Festo Corp. v. Shoketsu Kinzoku Kogyo Kabushiki Co. - 535 U.S. 722 (2002)
OCTOBER TERM, 2001
FESTO CORP. v. SHOKETSU KINZOKU KOGYO KABUSHIKI CO., LTD., ET AL.
CERTIORARI TO THE UNITED STATES COURT OF APPEALS FOR THE FEDERAL CIRCUIT
No. 00-1543. Argued January 8, 2002-Decided May 28, 2002
Petitioner Festo Corporation owns two patents for an industrial device.
When the patent examiner rejected the initial application for the first patent because of defects in description, 35 U. S. C. § 112, the application was amended to add the new limitations that the device would contain a pair of one-way sealing rings and that its outer sleeve would be made of a magnetizable material. The second patent was also amended during a reexamination proceeding to add the sealing rings limitation. Mter Festo began selling its device, respondents (hereinafter SMC) entered the market with a similar device that uses one two-way sealing ring and a nonmagnetizable sleeve. Festo filed suit, claiming that SMC's device is so similar that it infringes Festo's patents under the doctrine of equivalents. The District Court ruled for Festo, rejecting SMC's argument that the prosecution history estopped Festo from saying that SMC's device is equivalent. A Federal Circuit panel initially affirmed, but this Court granted certiorari, vacated, and remanded in light of Warner-Jenkinson Co. v. Hilton Davis Chemical Co., 520 U. S. 17,29, which had acknowledged that competitors may rely on the prosecution history to estop the patentee from recapturing subject matter surrendered by amendment as a condition of obtaining the patent. On remand, the en banc Federal Circuit reversed, holding that prosecution history estoppel applied. The court ruled that estoppel arises from any amendment that narrows a claim to comply with the Patent Act, not only from amendments made to avoid the prior art, as the District Court had held. The Federal Circuit also held that, when estoppel applies, it bars any claim of equivalence for the element that was amended. The court acknowledged that, under its prior cases, prosecution history estoppel constituted a flexible bar, foreclosing some, but not all, claims of equivalence, depending on the purpose of the amendment and the alterations in the text. However, the court overruled its precedents on the ground that their case-by-case approach had proved unworkable.
Held: Prosecution history estoppel may apply to any claim amendment made to satisfy the Patent Act's requirements, not just to amendments made to avoid the prior art, but estoppel need not bar suit against every equivalent to the amended claim element. Pp.730-742.
(a) To enable a patent holder to know what he owns, and the public to know what he does not, the inventor must describe his work in "full, clear, concise, and exact terms." § 112. However, patent claim language may not describe with complete precision the range of an invention's novelty. If patents were always interpreted by their literal terms, their value would be greatly diminished. Insubstantial substitutes for certain elements could defeat the patent, and its value to inventors could be destroyed by simple acts of copying. Thus, a patent's scope is not limited to its literal terms, but embraces all equivalents to the claims described. See Winans v. Denmead, 15 How. 330, 347. Nevertheless, because it may be difficult to determine what is, or is not, an equivalent, competitors may be deterred from engaging in legitimate manufactures outside the patent's limits, or lulled into developing competing products that the patent secures, thereby prompting wasteful litigation. Each time the Court has considered the doctrine of equivalents, it has acknowledged this uncertainty as the price of ensuring the appropriate incentives for innovation, and it has affirmed the doctrine over dissents that urged a more certain rule. See, e. g., id., at 343, 347. Most recently, Warner-Jenkinson, supra, at 28, reaffirmed the doctrine. Pp. 730-733.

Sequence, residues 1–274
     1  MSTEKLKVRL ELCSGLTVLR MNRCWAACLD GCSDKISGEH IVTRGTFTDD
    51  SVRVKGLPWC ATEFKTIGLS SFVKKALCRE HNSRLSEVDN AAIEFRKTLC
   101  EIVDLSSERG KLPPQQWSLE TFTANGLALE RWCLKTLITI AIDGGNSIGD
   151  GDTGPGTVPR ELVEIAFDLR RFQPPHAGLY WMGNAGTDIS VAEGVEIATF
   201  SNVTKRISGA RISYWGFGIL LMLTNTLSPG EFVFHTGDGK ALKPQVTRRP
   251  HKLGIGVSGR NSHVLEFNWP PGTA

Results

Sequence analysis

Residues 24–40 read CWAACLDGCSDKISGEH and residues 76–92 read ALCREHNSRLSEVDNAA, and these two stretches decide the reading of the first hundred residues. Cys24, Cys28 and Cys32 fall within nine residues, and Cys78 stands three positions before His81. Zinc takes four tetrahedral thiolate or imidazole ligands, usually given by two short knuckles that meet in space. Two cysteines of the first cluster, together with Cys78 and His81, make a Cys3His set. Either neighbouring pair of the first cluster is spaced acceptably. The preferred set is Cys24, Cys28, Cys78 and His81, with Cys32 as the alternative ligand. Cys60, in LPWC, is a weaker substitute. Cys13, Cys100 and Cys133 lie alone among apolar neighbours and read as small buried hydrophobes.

(b) Prosecution history estoppel requires that patent claims be interpreted in light of the proceedings before the Patent and Trademark Office (PTO). When the patentee originally claimed the subject matter alleged to infringe but then narrowed the claim in response to a rejection, he may not argue that the surrendered territory comprised an unforeseen equivalent. See Exhibit Supply Co. v. Ace Patents Corp., 315 U. S. 126, 136-137. The rejection indicates that the patent examiner does not believe the original claim could be patented. While the patentee has the right to appeal, his decision to forgo an appeal and submit an amended claim is taken as a concession that the invention as patented does not reach as far as the original claim. See, e. g., Goodyear Dental Vulcanite Co. v. Davis, 102 U. S. 222, 228. Were it otherwise, the inventor might avoid the PTO's gatekeeping role and seek to recapture in an infringement action the very subject matter surrendered as a condition of receiving the patent. pp. 733-735.
(c) Prosecution history estoppel is not limited to amendments intended to narrow the patented invention's subject matter, e. g., to avoid prior art, but may apply to a narrowing amendment made to satisfy any Patent Act requirement, including § 112's requirements concerning the patent application's form. In Warner-Jenkinson, the Court made clear that estoppel applies to amendments made for a "substantial reason related to patentability," 520 U. S., at 33, but did not purport to catalog every reason that might raise an estoppel. Indeed, it stated that even